We are turning an inward eye to look at our mental experiences, and how they intersect with societal structures.
In an attempt to move away from pathological and clinical readings and move towards lived experiences, our podcast series Mann Ke Mukhaute interweaves fictional stories and experiential voice notes. We have tried hard and not been able to find the English word for ‘mann’ – the Hindi word that brings together brain, mind and heart, and hints at an intuitive inner truth.
In the third episode of this podcast series, we address Care Work.
Care Work is finally being recognised as emotional and physical labour, and its deep connection with gender are being investigated academically and socially. But what do caregivers themselves think of their work? We talked to Meena, Parmeshwar, Anna, Neelima and Bindu about their role as caregivers, and they looked around and said:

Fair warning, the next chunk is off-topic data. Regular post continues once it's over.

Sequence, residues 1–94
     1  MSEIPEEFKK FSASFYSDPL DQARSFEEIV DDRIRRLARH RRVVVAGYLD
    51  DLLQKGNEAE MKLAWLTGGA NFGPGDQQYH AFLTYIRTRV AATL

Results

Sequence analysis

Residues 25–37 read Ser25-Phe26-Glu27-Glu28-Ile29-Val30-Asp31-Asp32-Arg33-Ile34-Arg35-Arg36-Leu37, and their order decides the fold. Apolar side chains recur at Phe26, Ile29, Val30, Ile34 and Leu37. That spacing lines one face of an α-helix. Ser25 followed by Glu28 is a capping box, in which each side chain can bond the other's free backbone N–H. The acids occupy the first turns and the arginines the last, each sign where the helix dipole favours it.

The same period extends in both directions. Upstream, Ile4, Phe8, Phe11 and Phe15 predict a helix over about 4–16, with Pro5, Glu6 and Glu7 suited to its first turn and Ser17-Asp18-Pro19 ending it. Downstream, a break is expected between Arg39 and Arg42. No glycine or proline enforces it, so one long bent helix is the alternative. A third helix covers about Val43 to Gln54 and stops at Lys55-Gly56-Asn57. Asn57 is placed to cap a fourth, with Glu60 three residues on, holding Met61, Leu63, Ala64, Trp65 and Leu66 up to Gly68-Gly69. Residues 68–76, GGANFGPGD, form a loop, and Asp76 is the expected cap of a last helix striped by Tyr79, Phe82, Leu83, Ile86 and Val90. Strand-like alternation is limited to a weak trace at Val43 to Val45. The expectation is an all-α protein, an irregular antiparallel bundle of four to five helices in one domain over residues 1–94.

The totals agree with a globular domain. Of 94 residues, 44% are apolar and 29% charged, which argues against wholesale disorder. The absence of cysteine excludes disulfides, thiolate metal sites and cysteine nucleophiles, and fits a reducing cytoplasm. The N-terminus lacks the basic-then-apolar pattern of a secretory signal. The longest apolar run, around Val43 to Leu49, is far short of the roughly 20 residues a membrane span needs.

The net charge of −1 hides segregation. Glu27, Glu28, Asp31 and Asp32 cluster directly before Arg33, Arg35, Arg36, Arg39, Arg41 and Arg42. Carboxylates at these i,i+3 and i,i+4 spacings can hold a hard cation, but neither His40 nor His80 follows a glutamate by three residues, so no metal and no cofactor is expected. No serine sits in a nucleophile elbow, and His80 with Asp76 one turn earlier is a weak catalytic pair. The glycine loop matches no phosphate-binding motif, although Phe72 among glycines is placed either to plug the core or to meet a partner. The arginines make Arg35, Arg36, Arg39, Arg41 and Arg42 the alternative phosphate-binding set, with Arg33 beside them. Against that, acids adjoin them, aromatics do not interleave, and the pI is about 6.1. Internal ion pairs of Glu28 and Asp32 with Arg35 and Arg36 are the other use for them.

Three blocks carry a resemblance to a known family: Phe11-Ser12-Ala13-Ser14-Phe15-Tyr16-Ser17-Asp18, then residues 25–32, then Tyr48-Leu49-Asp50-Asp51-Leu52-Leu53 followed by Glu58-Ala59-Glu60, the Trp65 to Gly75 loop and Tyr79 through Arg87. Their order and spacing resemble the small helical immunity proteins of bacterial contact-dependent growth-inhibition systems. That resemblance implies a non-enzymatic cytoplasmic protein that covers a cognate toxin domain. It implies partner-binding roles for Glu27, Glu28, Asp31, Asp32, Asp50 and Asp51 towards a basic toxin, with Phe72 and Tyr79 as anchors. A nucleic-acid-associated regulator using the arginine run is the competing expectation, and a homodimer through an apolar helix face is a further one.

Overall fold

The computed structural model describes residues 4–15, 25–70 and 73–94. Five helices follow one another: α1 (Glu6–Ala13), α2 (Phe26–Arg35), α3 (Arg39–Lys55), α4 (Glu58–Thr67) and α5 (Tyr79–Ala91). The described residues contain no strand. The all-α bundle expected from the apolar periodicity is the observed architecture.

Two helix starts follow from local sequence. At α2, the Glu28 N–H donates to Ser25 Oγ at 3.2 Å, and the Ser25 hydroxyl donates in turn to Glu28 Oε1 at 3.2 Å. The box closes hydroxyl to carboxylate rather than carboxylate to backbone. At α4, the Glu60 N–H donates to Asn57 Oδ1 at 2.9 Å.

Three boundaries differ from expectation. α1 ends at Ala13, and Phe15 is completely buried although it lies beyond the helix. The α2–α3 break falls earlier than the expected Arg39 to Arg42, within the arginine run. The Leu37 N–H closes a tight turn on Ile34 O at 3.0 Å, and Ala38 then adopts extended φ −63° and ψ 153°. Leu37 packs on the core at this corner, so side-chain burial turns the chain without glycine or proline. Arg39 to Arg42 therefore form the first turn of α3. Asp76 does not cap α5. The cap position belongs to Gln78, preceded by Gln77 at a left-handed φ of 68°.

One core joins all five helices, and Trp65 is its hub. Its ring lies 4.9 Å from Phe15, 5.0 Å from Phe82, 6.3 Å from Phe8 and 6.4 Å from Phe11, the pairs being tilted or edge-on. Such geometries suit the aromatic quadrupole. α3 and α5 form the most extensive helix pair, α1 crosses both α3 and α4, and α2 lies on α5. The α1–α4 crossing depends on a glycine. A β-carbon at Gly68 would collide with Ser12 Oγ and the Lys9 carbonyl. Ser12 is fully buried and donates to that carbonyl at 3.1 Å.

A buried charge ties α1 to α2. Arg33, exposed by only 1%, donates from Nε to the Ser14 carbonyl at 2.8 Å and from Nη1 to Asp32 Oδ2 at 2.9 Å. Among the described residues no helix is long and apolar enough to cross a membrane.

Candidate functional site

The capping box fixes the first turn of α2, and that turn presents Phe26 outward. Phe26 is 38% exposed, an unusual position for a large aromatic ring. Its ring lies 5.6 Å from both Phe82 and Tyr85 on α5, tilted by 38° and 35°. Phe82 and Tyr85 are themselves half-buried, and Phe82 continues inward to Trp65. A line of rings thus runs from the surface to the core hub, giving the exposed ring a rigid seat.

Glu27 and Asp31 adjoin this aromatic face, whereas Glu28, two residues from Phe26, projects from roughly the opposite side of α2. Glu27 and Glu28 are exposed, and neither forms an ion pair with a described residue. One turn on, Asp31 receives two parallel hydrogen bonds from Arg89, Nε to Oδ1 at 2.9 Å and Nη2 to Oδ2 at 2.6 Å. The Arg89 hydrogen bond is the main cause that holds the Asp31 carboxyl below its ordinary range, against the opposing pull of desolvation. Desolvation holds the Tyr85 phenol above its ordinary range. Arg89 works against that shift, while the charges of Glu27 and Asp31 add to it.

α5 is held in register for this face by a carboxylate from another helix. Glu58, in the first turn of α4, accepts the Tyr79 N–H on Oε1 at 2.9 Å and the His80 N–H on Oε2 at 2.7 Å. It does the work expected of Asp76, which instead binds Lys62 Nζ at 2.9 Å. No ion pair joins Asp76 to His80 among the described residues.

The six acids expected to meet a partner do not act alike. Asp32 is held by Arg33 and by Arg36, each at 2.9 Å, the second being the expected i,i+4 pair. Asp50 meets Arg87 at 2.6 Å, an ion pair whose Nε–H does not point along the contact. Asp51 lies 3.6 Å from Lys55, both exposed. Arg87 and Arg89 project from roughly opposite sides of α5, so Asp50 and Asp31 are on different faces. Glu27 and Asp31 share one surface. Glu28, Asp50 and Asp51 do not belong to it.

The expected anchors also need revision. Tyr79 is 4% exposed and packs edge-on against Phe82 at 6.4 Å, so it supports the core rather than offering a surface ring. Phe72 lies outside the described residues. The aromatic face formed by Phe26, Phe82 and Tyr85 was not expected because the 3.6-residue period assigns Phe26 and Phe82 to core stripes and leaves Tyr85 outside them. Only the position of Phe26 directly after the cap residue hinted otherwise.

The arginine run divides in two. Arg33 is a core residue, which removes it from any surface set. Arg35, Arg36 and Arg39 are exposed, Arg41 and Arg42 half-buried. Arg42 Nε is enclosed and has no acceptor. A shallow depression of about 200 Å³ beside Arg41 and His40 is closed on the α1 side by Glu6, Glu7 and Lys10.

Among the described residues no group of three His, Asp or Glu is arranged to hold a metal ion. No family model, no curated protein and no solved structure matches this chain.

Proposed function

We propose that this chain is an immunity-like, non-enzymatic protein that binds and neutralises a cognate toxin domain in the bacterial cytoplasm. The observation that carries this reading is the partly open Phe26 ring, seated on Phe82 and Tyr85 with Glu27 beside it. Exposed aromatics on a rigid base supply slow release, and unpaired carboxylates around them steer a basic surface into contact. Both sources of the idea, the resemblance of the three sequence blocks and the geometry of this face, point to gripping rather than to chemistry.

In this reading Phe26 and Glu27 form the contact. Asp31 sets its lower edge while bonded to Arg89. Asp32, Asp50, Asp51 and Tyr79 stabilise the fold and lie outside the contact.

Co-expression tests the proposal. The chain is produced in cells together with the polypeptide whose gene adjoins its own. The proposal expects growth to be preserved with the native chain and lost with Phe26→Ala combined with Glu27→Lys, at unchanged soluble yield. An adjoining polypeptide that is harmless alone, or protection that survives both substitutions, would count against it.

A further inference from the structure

“Yeh sab saaf rakhna, yaha se hum shuru karte hai par safai dikhti kahan hai!” [It starts with keeping everything clean, but the cleanliness never shows.]
Who is expected to take care and what happens to their mental health? What is the language of their mann as they take on this work? Does a gendered and caste-ist lens prescribe the role of care-giving to some people and not to others?
We explore these questions with the story Maine Saaf Kiya Tumhara…– a transliteration of the original story I Cleaned the – by Kanya D’Almeida, published in Granta. This story received the 2021 Commonwealth Short Story Prize.
Artwork by Ambika Karandikar – @girlwithgreenmind